Expert comment: Creating the chickpea’s genetic ‘blueprint’

The historic, international collaboration involving a University of Missouri researcher is one of the largest projects of its kind.

A photo of Dr. Henry Nguyen in his lab.

Henry Nguyen in his lab.

Jan. 5, 2022
Contact: Kenny Gerling, 573-882-6217,

Chickpeas — a little legume packed with protein — has a growing profile in the United States. Globally, it’s also one of the planet’s most important plants and a staple food for millions.

Researcher Henry Nguyen, professor in the College of Agriculture, Food and Natural Resources at the University of Missouri, was recently part of an international research collaboration that, for the first time, mapped the entire genetic makeup of more than 3,000 variations of chickpeas. It’s an accomplishment that sets the stage for a new era of plant genetics, one that promises more solutions to persistent problems such as food insecurity from drought and disease.

Nguyen agreed to explain his research team’s work and how their discoveries could result in more resilient chickpeas and a greener source of protein.

Could you share a bit more about your research?

This paper is the result of the biggest plant genome sequencing project in the history of plant genetics. Specifically, it provided a comprehensive genetic variation map in chickpea, which is a very important part of the legume family in Asia, Africa and parts of North America. This project is significant not just in the history of plant genetics, but it also opens doors for a new era of discovery in chickpea breeding.

Why is it vital to breed better chickpeas?
A photo of chickpeas. Source: Shutterstock.

Chickpeas. Source: Shutterstock.

This study essentially provides a detailed blueprint of the genetic makeup of the chickpea and how the gene varies from one individual to another, as well as what characteristics different genes control: for example, whether it’s high yield, drought tolerant, flood tolerant, high protein content or disease resistance. Using this roadmap, we are able to pinpoint specific genes, and then do what’s known as precision breeding. It’s a brand-new technology that uses the same type of technology as precision medicine, except here we’re talking about the chickpea. If we know the specific gene, we can begin to do very precise gene editing to improve chickpea for different desirable characteristics.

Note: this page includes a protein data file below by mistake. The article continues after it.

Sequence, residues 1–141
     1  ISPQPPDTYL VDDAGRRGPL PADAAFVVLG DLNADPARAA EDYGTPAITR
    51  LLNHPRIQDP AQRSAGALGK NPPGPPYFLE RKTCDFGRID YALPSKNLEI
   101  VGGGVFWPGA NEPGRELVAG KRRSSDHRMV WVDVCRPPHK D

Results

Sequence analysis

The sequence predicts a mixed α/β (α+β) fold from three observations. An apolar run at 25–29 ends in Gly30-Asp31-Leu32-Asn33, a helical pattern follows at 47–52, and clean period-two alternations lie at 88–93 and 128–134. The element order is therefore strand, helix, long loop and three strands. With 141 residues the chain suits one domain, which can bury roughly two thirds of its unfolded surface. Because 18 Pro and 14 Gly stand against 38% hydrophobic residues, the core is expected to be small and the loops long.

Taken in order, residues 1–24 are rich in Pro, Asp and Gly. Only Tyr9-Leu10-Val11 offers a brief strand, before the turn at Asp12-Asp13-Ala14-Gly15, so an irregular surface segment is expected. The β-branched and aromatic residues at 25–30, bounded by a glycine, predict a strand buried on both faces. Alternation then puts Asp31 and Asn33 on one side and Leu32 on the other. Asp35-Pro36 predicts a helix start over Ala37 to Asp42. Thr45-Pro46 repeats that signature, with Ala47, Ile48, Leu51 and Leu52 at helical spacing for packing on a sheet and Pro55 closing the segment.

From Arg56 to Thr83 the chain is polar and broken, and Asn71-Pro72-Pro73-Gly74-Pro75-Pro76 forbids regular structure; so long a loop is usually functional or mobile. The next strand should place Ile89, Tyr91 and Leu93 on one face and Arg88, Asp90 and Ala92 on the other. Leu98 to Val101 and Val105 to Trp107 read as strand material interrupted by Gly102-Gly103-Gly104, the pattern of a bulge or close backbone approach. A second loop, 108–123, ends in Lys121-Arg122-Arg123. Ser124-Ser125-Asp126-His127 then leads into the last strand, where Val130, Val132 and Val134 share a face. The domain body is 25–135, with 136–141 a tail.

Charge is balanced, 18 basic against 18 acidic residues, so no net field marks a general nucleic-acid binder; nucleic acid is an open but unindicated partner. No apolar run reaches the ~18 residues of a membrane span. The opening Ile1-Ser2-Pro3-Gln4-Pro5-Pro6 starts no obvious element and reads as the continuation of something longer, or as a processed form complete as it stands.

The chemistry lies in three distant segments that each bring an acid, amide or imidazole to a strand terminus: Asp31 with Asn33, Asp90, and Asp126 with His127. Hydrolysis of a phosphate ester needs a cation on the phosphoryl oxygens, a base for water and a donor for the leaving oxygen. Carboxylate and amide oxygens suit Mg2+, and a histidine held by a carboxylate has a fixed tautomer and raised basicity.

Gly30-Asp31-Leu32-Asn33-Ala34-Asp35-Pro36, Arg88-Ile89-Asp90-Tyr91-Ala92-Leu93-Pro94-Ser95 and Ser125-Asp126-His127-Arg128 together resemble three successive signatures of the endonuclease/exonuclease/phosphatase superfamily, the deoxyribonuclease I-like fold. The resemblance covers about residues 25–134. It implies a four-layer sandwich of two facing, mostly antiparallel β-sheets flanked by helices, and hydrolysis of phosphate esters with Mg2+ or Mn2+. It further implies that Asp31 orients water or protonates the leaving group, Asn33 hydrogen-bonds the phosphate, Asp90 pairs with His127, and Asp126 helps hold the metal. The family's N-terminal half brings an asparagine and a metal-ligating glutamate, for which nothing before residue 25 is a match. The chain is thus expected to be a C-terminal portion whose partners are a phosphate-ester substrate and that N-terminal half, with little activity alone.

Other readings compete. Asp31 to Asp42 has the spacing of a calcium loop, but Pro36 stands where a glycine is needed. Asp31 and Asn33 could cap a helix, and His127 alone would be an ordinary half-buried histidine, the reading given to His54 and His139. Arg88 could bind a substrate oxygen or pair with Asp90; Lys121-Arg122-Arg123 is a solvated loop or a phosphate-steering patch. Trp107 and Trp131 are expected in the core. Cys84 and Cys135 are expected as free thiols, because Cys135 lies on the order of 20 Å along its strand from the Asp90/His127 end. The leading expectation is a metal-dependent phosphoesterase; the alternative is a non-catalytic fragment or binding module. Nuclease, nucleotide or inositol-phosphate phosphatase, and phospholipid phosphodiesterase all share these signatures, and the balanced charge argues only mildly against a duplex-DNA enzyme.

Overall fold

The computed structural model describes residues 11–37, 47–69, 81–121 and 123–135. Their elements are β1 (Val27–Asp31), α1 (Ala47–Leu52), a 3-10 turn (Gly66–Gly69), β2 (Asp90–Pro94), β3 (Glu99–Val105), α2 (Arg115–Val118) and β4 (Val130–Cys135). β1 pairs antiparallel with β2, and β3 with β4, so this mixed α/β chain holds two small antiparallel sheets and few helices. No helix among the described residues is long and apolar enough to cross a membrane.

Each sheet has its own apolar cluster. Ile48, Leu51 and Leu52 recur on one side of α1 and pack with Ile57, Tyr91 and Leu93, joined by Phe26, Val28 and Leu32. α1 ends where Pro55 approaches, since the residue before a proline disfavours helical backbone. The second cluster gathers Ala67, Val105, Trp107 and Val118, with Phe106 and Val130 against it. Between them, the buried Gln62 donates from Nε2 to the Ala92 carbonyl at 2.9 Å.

Why are chickpeas so important?

They’re grown in more than 50 countries (India is leading the way). If you consider food security and the growing global population — crops like legumes are a great source of protein. If we could get a better chickpea, that would provide a better protein resource for people and help with future food production for the global population.

In societies like the U.S., we also consume a lot of protein from animal products — those require a much more developed system in order to grow the animal and produce the meat. So, there’s now increasing demand for plant-based protein food products. There’s also more demand due to health reasons, such as people trying to reduce cholesterol. People are starting to be more mindful of plant-based diets, and this is where protein comes in. The major supply of plant-based protein products is going to come from legumes, things like chickpeas and soybeans.

How can this genetic blueprint inform future discoveries?

This same technology can be applied to precision breeding of other legumes, including soybeans. The reason we were able to participate in this international collaboration is because my lab at Mizzou specializes in soybean genetics and genomics, and the broader scientific emphasis on legume genomics. We study soybeans specifically at Mizzou, but we can learn a lot from the genetics of different legumes. We can benefit by using the information from one species and applying it to another.

To arrange an interview with Nguyen, please contact Kenny Gerling with the MU News Bureau at 573-882-6217 or

“A chickpea genetic variation map based on the sequencing of 3,366 genomes” was published in Nature.

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